Proponents of legalizing recreational marijuana in Connecticut will need to wait at least another year before seeing it become law.
Legislative leadership said the issue is “off the table” with only one day left in the legislative session.
Supporters of the bill say ending prohibition on pot would brings tens of millions of dollars into the state’s coffers and create thousands of jobs but acknowledged it did not have enough support this year.
“I think it’s a shame because it’s broadly popular in Connecticut,” said Rep. Matt Lesser (D-100th District). “I think we can find a way to do it safely and make sure we’re regulating the use. We’re seeing lots of economic activity going to our neighboring state of Massachusetts.”
Lesser introduced the bill in the House this session. New Haven State Representative Juan Candelaria (D-95th District) also supported the legislation.
‘We still haven’t done a budget,” said Candelaria, who has supported legalizing marijuana for four years now. “There’s other policies we need to get through the House so I don’t think we’re going to see it this year unless we pick it up at a special session.”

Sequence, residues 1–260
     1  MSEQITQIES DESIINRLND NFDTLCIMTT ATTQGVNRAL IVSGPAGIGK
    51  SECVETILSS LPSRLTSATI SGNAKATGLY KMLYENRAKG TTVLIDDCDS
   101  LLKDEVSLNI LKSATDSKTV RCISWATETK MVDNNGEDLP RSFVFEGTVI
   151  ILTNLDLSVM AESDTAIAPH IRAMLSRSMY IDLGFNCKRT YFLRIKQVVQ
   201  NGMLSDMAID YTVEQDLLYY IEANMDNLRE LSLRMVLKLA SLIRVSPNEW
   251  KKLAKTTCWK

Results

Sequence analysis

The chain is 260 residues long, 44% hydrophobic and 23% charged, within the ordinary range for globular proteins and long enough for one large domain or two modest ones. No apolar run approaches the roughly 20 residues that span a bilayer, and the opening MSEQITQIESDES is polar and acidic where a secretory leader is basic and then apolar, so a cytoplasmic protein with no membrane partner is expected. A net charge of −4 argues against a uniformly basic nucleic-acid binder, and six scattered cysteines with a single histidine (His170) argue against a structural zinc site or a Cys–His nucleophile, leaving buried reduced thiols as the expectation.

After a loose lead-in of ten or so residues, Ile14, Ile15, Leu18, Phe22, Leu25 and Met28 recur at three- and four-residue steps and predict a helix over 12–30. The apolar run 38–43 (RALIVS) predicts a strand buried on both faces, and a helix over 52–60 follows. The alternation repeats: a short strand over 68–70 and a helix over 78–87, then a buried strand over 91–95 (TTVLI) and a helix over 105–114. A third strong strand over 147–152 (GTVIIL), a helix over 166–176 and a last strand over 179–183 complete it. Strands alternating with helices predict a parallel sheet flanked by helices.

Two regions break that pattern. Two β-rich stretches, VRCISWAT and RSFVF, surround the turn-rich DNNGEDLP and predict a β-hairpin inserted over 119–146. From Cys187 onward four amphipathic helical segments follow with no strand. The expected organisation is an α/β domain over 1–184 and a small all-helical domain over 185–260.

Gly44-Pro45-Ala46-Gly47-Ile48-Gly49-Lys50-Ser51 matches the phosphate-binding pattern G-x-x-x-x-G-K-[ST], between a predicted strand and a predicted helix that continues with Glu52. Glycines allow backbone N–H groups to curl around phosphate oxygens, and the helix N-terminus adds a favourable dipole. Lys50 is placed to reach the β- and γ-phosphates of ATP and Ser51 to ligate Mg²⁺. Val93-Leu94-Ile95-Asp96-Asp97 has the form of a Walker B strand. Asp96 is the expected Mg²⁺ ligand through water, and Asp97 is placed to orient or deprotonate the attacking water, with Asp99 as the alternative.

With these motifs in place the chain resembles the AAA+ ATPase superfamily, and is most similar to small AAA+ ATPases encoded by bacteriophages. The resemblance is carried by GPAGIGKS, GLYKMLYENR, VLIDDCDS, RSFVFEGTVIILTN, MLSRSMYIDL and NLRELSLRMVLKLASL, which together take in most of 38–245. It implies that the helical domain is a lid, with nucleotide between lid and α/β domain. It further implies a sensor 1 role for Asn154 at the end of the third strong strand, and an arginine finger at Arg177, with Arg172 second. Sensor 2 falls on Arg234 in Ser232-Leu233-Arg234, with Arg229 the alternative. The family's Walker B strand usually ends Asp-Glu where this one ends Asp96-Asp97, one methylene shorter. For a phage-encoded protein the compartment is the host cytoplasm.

Lawmakers opposing the legislation say the more colleagues learned about all that needs to go into creating the industry, the less support it received.
“The conversation didn’t revolve around revenue,” said vocal opponent Rep. Vincent Candelora (R-86th District) . “ I think ultimately when the day was done, people realized this move was not the best for the state of Connecticut.”
Massachusetts is set to begin selling commercial marijuana on July 1st.
Both sides say they expect the issue to re-emerge next session.